A Little Boy’s Cheek Turns Red When He Eats!

Image Source: The New England Journal of Medicine©

With a brief glance at the image and the title, what is the spot diagnosis?

A 2-year-old boy was referred to the otolaryngology clinic with complaints of recurrent right cheek’s redness/flushing during eating for the past 18 months. His mother first noticed this when he started weaning at the age of 6 months (Panel B). The redness is not associated with pain, itching, sweating, fever, or any other symptoms. The boy was born at full term, via forceps-assisted vaginal delivery.

Panel C of the attached image shows the child after eating at 18 months of age, whereas panel D shows the picture of the child when he is not eating. Note that the flushing is only during eating.

Past surgical and medical history were unremarkable. There were no notable allergies to food or nuts, and the skin allergen testing was also negative.

To clinically confirm the suspected diagnosis, the child was given strawberries to eat in the clinic, the flushing reappeared.

A diagnosis of Frey’s syndrome was made.

Frey’s syndrome is also known as ‘Auriculotemporal nerve syndrome.’ It is damage to the parasympathetic nerve fibers within the parotid gland followed by aberrant reinnervation manifested by gustatory flushing and/or sweating.

  In simpler words, it is aberrant reinnervation of the parasympathetic and sympathetic nerves after any injury/trauma to the nerves. To make it even simpler, the responses, such as flushing and sweating, previously controlled by sympathetic nerves, now respond to parasympathetic stimulation such as eating (mastication and swallowing).

Image Source: Osborne Head & Neck Institute©

This aberrant regeneration of the nerves is responsible for flushing whenever the boy eats.

Damage to the nerve fibers can occur during parotid gland surgery, facial trauma, infections such as herpes zoster, and forceps-assisted vaginal delivery.

Diagnosis of Frey’s syndrome is clinical; usually, no fancy tests are required!

Frey’s syndrome usually doesn’t require treatment. The child in the discussion here was provided no specific treatment, his condition persisted even at the age of three.

There is no recommended treatment for it. However, spontaneous remission has been reported in children as they grew older. If the patient’s symptoms are excessive and uncomfortable, then medical treatments, such as topical anticholinergic ointments (scopolamine, glycopyrrolate), topical αlpha agonist (clonidine), and botulinum toxin injections can be offered to the patient. None of these medical management approaches is a definitive cure. These may subside or dampen the symptoms for a temporary period.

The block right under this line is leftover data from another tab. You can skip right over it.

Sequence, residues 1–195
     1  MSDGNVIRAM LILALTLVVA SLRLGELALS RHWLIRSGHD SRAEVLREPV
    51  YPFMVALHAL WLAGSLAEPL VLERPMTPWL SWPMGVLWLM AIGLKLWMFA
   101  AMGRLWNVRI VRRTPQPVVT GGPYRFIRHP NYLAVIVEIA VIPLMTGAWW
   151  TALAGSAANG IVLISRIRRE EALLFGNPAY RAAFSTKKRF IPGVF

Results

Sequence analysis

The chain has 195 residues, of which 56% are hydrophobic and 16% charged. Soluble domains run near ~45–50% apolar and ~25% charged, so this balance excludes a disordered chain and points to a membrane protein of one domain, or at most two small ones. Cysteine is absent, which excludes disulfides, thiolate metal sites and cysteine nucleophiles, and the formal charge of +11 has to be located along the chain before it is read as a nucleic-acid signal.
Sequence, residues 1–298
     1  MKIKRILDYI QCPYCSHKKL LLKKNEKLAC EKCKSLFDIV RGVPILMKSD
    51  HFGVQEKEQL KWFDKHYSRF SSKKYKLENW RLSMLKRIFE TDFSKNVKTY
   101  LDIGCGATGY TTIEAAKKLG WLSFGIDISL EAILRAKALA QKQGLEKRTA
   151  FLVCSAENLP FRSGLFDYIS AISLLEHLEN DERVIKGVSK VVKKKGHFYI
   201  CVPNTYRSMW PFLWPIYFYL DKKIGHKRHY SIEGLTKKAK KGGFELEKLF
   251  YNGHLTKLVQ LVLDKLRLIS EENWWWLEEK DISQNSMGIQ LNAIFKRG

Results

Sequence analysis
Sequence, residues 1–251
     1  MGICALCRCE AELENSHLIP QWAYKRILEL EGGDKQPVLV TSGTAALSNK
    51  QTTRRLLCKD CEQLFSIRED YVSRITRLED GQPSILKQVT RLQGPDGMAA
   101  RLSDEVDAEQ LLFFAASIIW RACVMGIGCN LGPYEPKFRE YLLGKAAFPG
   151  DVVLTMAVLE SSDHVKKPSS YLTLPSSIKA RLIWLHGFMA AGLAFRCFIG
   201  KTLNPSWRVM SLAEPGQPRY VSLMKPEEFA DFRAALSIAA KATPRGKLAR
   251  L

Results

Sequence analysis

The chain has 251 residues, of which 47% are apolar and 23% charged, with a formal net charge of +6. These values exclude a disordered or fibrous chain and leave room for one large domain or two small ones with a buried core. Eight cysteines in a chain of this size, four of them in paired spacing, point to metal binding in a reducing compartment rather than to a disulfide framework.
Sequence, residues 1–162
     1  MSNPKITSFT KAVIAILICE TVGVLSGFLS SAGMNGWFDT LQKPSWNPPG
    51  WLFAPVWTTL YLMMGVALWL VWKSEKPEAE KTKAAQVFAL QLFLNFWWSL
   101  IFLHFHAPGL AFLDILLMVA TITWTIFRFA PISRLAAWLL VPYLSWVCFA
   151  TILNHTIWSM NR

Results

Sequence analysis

Is Frey’s syndrome dangerous or fatal?

The answer is no!
Undeniably, it is uncomfortable and embarrassing for the affected individual, which may affect the suffer’s self-confidence in the long run, but it has no known associated medical adversities.


Alexander Smith, M. C. (2020, April 09). Frey’s Syndrome. Retrieved from The New England Journal of Medicine: https://www.nejm.org/doi/full/10.1056/NEJMicm1809117

Caulley, L., & Hong, P. (2013). Pediatric auriculotemporal nerve (Frey) syndrome. CMAJ : Canadian Medical Association journal = journal de l’Association medicale canadienne,185(6), 504.

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Dr. Arsia Hanif has been a meritorious Healthcare professional with a proven track record throughout her academic life securing first position in her MCAT examination and then, in 2017, she successfully completed her Bachelors of Medicine and Surgery from Dow University of Health Sciences. She has had the opportunity to apply her theoretical knowledge to the real-life scenarios, as a House Officer (HO) serving at Civil Hospital. Whilst working at the Civil Hospital, she discovered that nothing satisfies her more than helping other humans in need and since then has made a commitment to implement her expertise in the field of medicine to cure the sick and regain the state of health and well-being. Being a Doctor is exactly what you’d think it’s like. She is the colleague at work that everyone wants to know but nobody wants to be. If you want to get something done, you approach her – everyone knows that! She is currently studying with Medical Council of Canada and aspires to be a leading Neurologist someday. Alongside, she has taken up medical writing to exercise her skills of delivering comprehensible version of the otherwise difficult medical literature. Her breaks comprise either of swimming, volunteering services at a Medical Camp or spending time with family.


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